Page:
Tapping into the increasingly popular trend of in-game photography-as-real life art is Québécois artist Benoit Paillé, who has garnered considerable interest for his Grand Theft Auto V-related CROSSROAD OF REALITIES project, featured recently in a post on Rockstar Games’ Newswire blog. Rather than relying on the in-game camera, Paillé uses his IRL DSLR to snap scenic images off the screen from around Los Santos. He touches these up in Lightroom as he would with other real world photographs, then uses the images as backgrounds for studio shoots in which actual human arms jut up into the frame, holding up various kinds of cameras.
The overall effect is of looking at a photo-within-a-photo that is lit and arranged to make it appear as if an actual human is inside the game taking pictures. Paillé elaborates on his process in this documentary.
The striking, cumulative effect of this skilled image-manipulation is to blur the border between the physical and virtual spaces that we inhabit. In the artist’s own words: “The photographic performance of this project is to overlay a material reality with a virtual one, erasing the border between the two worlds. It is a response to the proliferation of visual projects that take place in virtual spaces. It is a questioning about the notion of border and territory. A mix of two distinct realities into a single image. I want to show that we can use a virtual space in conceptual photography and approach these areas with the same sensitivity as the physical space.”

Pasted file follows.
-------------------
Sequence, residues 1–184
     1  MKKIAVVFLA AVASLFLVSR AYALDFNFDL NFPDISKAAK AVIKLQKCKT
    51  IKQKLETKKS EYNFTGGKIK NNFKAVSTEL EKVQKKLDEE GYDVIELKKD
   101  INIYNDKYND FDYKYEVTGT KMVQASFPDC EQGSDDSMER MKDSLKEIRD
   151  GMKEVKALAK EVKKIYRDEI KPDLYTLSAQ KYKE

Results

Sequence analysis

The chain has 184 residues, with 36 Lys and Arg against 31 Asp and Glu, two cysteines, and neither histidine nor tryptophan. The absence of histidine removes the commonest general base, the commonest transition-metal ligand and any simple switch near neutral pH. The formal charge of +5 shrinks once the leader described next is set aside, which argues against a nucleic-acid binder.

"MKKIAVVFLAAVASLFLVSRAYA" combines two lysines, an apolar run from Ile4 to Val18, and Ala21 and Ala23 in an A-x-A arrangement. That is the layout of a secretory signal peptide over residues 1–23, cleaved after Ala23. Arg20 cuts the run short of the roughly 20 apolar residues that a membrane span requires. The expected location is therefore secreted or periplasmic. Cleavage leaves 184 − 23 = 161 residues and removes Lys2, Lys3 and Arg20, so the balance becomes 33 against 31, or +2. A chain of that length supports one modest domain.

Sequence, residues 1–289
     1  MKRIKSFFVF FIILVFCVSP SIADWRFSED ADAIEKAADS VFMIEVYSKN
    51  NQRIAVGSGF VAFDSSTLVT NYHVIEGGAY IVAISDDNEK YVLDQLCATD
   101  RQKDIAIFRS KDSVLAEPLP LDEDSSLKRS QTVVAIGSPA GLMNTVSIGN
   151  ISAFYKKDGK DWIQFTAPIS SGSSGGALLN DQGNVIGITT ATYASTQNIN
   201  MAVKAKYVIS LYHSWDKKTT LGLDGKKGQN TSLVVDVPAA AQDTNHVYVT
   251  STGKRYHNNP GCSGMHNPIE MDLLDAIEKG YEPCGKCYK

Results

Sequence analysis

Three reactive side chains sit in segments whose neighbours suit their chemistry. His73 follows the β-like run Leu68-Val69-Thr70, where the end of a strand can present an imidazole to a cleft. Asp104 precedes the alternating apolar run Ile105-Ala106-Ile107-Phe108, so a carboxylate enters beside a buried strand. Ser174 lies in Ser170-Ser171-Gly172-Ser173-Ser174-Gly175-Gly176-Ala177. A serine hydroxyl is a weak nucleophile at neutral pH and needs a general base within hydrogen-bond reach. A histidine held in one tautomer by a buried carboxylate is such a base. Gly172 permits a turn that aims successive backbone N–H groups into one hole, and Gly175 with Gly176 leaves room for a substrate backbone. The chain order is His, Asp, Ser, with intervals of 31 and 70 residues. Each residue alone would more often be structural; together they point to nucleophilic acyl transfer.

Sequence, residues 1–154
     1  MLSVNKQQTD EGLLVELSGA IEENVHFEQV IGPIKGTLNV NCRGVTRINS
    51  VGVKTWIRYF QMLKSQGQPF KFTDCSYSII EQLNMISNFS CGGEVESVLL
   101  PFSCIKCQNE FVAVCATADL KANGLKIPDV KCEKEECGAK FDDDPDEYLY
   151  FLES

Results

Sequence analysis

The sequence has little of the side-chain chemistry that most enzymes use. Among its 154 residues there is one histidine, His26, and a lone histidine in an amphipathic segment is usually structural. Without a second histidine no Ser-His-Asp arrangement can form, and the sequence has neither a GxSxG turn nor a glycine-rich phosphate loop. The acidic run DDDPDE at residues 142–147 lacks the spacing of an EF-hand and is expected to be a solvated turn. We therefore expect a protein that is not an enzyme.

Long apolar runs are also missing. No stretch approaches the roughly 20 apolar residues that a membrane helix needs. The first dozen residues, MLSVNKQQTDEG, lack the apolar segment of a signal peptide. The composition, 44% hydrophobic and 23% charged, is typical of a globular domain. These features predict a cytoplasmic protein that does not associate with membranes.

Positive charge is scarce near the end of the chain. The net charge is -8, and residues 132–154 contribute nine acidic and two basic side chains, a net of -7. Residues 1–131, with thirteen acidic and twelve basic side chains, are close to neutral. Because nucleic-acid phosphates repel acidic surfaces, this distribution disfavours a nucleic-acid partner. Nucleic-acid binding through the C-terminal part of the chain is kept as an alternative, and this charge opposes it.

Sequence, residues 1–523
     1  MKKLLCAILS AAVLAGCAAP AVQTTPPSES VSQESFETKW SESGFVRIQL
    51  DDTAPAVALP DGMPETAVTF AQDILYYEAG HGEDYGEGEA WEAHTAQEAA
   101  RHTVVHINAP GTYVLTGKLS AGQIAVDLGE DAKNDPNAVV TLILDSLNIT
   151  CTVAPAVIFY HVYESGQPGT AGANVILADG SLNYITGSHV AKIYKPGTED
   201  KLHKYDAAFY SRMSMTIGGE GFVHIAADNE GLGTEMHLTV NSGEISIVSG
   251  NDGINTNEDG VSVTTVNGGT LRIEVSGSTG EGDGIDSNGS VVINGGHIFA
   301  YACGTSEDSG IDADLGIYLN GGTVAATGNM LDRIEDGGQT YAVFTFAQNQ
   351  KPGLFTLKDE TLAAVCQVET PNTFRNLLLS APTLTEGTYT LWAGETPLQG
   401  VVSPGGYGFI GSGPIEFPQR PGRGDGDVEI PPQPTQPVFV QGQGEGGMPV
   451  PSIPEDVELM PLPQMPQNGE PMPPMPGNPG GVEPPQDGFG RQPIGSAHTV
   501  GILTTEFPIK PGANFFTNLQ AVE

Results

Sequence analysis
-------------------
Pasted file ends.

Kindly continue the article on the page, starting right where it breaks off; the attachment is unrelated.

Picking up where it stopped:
Gamers have long found ways to utilize video game engines for their own creative projects, with machinima films tracing their roots back to Quake in the mid-90’s. However, recent technological leaps in graphics towards photorealistic fidelity have led to a recent rash of interest in recording static images. This exploded in popularity with heavily-modded screen captures from Bethesda Softworks’ Skyrim, and has since become a well-documented among GTA V players, as seen on the GTA Adventures subreddit.
Paillé’s work stands out, though, for its mixture of physical and simulated photography, capturing something more subtle and playful about the way gamers engage with their virtual spaces. True to his French roots, the artist starts his project by quoting media philosopher Jean Baudrillard’s seminal 1981 “Simulacra and Simulation,” which has shown itself to be an eerily prescient mediation on the ever-fuzzier distinction between reality and the imagined worlds we increasingly inhabit in the 21st century: “A simulacra is an object that does not refer to any underlying reality, but claims to be this reality itself.”
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